Sex vs. Gender
While many people use the words sex and gender interchangeably, you may find it useful to distinguish between the two. Sex can be understood as a way of assigning living beings labels such as male, female, or intersex based on their anatomy, including genitalia and genetics.
On the other hand, gender identity can be understood as a person’s deeply-felt sense of themselves as male, female, both, or neither. Only you can determine your gender identity. A gender identity is not something that can be decided for you by a health care provider or anyone else. It is not based on whether you have had hormone therapy or surgery.
Gender identity is not a new concept. Societies around the world and throughout history have recognized and respected diverse gender identities. Partly as a result of colonization by Western European countries, there are now widespread expectations that a person’s sex must align with their gender identity. Those who do not meet these expectations experience higher rates of marginalization, harassment, violence, and discrimination. These experiences of oppression are amplified by factors additional to gender, including race, ability, class, religion, and sexual orientation.
Using language that recognizes and affirms both the general existence of gender diversity and the gender identity of the particular people we are interacting with is a crucial part of resisting these forms of oppression.
People express their gender in a variety of ways, such as through clothing, hairstyle, speech, and activities. Traditionally, some expressions have been identified as masculine and others have been identified as feminine. A mix of the two is commonly described as androgynous.
In many Canadian communities, there are widespread expectations that boys and men must be masculine, while girls and women must be feminine. Those who do not meet these expectations experience higher rates of marginalization, discrimination, harassment, and violence.
Broadening expectations of the way people of a particular gender should look or act is a crucial step toward resisting oppression based on gender expression.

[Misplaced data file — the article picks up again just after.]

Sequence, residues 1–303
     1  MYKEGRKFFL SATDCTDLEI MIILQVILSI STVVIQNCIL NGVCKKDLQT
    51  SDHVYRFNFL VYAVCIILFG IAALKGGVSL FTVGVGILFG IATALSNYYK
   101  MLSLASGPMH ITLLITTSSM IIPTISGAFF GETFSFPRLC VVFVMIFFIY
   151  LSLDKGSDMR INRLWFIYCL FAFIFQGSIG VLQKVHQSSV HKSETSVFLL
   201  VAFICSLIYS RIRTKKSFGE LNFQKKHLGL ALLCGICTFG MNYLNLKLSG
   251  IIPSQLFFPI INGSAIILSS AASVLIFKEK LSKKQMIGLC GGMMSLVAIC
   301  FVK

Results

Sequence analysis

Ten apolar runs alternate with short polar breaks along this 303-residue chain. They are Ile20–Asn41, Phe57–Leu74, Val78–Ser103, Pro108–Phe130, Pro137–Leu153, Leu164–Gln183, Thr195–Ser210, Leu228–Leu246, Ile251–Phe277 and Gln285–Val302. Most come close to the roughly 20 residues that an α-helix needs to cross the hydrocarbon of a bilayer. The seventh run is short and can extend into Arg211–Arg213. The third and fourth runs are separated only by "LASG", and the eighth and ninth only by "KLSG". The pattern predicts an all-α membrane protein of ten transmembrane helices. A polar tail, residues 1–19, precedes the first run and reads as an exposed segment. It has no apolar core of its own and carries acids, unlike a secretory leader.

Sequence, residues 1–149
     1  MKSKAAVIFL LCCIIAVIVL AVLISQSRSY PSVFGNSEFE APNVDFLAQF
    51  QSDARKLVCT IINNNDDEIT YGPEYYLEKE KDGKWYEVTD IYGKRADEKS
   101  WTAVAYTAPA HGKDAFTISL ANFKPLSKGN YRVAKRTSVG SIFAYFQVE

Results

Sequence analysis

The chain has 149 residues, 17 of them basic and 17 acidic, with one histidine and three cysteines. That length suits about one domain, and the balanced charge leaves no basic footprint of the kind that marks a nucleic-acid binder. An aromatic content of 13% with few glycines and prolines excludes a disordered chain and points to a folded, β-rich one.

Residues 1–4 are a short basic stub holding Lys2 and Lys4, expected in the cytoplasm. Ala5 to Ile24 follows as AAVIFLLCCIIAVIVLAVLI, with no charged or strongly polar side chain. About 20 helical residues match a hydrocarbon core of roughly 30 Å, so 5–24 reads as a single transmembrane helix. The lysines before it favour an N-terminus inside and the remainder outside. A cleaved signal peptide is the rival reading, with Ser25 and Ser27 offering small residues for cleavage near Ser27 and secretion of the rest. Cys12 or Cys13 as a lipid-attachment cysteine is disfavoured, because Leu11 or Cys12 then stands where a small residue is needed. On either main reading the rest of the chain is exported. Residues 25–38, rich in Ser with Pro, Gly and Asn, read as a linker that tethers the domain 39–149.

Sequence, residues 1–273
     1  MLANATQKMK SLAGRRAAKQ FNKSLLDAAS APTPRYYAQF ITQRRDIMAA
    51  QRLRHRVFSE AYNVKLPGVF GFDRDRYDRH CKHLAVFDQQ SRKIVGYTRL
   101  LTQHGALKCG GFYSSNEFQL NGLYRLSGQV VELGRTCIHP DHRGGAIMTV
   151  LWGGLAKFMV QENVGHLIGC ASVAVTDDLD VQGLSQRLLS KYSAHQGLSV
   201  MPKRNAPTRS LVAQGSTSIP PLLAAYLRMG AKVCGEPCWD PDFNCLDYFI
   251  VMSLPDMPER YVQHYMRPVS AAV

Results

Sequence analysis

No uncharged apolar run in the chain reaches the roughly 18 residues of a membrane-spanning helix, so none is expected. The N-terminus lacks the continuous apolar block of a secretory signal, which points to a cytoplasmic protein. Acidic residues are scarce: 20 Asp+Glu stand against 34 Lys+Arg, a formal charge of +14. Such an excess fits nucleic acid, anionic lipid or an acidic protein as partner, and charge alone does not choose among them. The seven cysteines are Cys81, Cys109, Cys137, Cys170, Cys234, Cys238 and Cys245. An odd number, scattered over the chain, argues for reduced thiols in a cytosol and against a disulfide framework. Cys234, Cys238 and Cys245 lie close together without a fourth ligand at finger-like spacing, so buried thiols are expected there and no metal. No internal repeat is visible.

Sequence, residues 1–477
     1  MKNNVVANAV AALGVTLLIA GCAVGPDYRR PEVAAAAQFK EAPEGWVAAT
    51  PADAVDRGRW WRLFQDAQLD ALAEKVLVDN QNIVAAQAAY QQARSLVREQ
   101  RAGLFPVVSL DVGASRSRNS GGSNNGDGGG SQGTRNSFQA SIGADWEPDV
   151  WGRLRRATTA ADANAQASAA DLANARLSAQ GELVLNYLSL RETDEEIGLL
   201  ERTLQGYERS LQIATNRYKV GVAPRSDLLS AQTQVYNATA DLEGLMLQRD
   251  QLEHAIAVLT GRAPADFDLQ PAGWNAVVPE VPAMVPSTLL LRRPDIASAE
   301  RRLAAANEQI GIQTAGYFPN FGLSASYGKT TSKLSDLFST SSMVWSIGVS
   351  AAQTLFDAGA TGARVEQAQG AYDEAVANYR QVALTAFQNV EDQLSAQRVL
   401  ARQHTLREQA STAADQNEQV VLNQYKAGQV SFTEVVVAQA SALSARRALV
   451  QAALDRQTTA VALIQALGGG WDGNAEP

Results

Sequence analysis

What Does Trans* Mean?
We use the word trans* as an umbrella term to refer to the wide range of people whose gender identity and/or gender expression differs from traditional expectations based on the biological sex they were assigned at birth. The asterisk (*) is intended to include people with non-binary or fluid gender identities.
Some of the people who may identify as trans* include:
- People who were assigned male at birth but identify or express their gender as female all or part of the time (some use the term Male-to-Female or MTF)
- People who were assigned female at birth but identify or express their gender as male all or part of the time (some use the term Female-to-Male or FTM)
- People who identify their gender outside the construct of male/female (having no gender, being androgynous, having parts of multiple genders, etc. (some use the term Genderqueer)
- First Nations, Metis, and Inuit people who have dual gender identities, gender expressions or gender roles (some use the term Two-Spirit)
- People who explore gender for pleasure or performance (some use the term Drag King or Drag Queen)
- People who periodically wear clothing traditionally associated with a gender they do not identify with (some use the term Crossdresser)
Talking about Sexual Orientation
Many people mistakenly believe that being trans* is a sexual orientation. As previously explained, the range of identities in the trans* umbrella are gender identities, not sexual orientations. Sexual orientation has to do with who you are attracted to. For example:
- Women who are attracted to women might identify as lesbian
- Men who are attracted to men might identify as gay
- People who are attracted to men and woman might identify as bisexual
- People who identify as non-heterosexual might identify as queer
- People who are attracted to men, women, and those who identify outside of these categories might identify as pansexual or omnisexual
- People who do not experience sexual attraction to any gender might identify as asexual
- Men who are attracted to women and women who are attracted to men might identify as straight or heterosexual.
Everyone has both a gender identity and a sexual orientation. Like anybody, trans* people might identify as straight, pansexual, queer, asexual, bisexual, lesbian or gay (or something else).
Below you will find a link to a document about supporting trans* youth, created jointly by the Vancouver School Board and Vancouver Coastal Health:
- Chinese Version: Questions & Answers for Parents & Family members of Transgendered and Gender Variant Youth
- English Version: Questions & Answers for Parents & Family Members of Transgendered and Gender Variant Youth
If you are a trans* youth, or the parent of a trans* youth, these resources might be helpful:
- Gender Creative Kids
- Gender Spectrum
- Evidence Exchange Network: Supporting Gender Independent Kids
- Rainbow Health: Supporting Gender Independent Children and their Families